George Essex Evans

(18 June 1863 – 10 November 1909 / London, England)

The Women Of The West - Poem by George Essex Evans

They left the vine-wreathed cottage and the mansion on the hill,
The houses in the busy streets where life is never still,
The pleasures of the city, and the friends they cherished best:
For love they faced the wilderness -- the Women of the West.

The roar, and rush, and fever of the city died away,
And the old-time joys and faces -- they were gone for many a day;
In their place the lurching coach-wheel, or the creaking bullock chains,
O'er the everlasting sameness of the never-ending plains.

In the slab-built, zinc-roofed homestead of some lately taken run,
In the tent beside the bankment of a railway just begun,
In the huts on new selections, in the camps of man's unrest,
On the frontiers of the Nation, live the Women of the West.

The red sun robs their beauty, and, in weariness and pain,
The slow years steal the nameless grace that never comes again;
And there are hours men cannot soothe, and words men cannot say --
The nearest woman's face may be a hundred miles away.

The wide bush holds the secrets of their longing and desires,
When the white stars in reverence light their holy altar fires,
And silence, like the touch of God, sinks deep into the breast --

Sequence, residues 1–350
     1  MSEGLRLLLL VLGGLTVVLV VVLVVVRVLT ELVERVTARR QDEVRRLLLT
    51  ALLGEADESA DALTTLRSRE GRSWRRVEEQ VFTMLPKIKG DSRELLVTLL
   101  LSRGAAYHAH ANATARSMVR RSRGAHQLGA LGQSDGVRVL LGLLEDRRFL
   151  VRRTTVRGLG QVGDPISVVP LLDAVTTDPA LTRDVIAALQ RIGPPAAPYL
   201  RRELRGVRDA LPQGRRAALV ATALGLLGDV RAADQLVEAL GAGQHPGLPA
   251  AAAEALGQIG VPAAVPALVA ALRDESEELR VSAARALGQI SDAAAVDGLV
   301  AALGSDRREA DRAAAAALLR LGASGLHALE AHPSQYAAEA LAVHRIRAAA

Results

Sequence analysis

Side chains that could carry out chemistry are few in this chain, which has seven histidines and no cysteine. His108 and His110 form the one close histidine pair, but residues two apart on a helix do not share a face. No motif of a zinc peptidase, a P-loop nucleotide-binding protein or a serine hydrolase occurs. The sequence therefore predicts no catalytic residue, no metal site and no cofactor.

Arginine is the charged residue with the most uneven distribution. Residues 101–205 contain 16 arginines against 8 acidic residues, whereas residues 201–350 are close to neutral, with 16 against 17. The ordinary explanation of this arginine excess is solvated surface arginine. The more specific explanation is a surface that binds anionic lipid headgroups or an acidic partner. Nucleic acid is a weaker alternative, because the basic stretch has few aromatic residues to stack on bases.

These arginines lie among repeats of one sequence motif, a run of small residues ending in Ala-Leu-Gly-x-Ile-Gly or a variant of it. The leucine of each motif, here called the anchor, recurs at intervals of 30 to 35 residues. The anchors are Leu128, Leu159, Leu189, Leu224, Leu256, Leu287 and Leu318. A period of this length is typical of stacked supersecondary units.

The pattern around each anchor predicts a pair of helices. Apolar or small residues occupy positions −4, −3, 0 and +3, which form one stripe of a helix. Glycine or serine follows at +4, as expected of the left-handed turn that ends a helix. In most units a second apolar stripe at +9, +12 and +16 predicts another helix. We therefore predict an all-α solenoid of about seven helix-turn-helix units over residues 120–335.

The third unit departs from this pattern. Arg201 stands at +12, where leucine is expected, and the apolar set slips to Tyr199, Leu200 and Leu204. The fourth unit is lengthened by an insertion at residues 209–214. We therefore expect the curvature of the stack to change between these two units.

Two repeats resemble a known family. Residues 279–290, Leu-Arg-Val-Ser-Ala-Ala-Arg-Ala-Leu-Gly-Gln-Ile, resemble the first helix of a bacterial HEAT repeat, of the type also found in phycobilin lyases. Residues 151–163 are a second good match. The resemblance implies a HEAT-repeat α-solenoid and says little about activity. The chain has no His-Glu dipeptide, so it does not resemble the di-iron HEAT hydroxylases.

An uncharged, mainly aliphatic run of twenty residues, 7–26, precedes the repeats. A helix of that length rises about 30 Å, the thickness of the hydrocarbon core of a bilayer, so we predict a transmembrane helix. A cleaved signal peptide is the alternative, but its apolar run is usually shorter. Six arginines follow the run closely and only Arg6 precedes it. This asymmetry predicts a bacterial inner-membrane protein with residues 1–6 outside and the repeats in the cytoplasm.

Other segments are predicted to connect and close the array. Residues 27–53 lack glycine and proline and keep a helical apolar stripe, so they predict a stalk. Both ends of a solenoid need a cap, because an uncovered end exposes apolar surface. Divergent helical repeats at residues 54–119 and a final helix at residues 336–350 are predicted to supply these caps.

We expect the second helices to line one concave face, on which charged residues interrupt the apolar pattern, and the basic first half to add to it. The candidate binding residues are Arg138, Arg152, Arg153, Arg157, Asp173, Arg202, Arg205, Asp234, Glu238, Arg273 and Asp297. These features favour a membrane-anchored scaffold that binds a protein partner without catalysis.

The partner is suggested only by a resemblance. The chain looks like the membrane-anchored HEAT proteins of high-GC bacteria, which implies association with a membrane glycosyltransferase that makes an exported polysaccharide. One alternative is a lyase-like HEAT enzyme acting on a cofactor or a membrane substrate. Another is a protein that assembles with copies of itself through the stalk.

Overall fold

Perchance He hears and understands the Women of the West.

For them no trumpet sounds the call, no poet plies his arts --
They only hear the beating of their gallant, loving hearts.
But they have sung with silent lives the song all songs above --
The holiness of sacrifice, the dignity of love.

Well have we held our father's creed. No call has passed us by.
We faced and fought the wilderness, we sent our sons to die.
And we have hearts to do and dare, and yet, o'er all the rest,
The hearts that made the Nation were the Women of the West.


Comments about The Women Of The West by George Essex Evans

There is no comment submitted by members..



Read this poem in other languages

This poem has not been translated into any other language yet.

I would like to translate this poem »

word flags

What do you think this poem is about?

Read poems about / on: women, city, woman, silence, father, song, beauty, red, pain, sun, light, god, friend, running, star, son



Poem Submitted: Saturday, January 4, 2003



Famous Poems

  1. Still I Rise
    Maya Angelou
  2. The Road Not Taken
    Robert Frost
  3. If You Forget Me
    Pablo Neruda
  4. Dreams
    Langston Hughes
  5. Annabel Lee
    Edgar Allan Poe
  6. Stopping By Woods On A Snowy Evening
    Robert Frost
  7. If
    Rudyard Kipling
  8. Do Not Stand At My Grave And Weep
    Mary Elizabeth Frye
  9. I Do Not Love You Except Because I Love You
    Pablo Neruda
  10. Television
    Roald Dahl
[Report Error]